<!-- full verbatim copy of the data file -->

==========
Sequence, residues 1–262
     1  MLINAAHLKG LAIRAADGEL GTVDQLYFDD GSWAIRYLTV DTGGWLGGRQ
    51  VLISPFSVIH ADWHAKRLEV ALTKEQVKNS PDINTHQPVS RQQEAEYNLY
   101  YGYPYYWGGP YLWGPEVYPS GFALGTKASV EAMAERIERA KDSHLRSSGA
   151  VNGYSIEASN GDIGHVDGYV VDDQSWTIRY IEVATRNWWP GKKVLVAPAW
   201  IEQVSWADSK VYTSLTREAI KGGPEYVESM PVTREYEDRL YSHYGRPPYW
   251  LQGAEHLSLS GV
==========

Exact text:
Sequence, residues 1–262
     1  MLINAAHLKG LAIRAADGEL GTVDQLYFDD GSWAIRYLTV DTGGWLGGRQ
    51  VLISPFSVIH ADWHAKRLEV ALTKEQVKNS PDINTHQPVS RQQEAEYNLY
   101  YGYPYYWGGP YLWGPEVYPS GFALGTKASV EAMAERIERA KDSHLRSSGA
   151  VNGYSIEASN GDIGHVDGYV VDDQSWTIRY IEVATRNWWP GKKVLVAPAW
   201  IEQVSWADSK VYTSLTREAI KGGPEYVESM PVTREYEDRL YSHYGRPPYW
   251  LQGAEHLSLS GV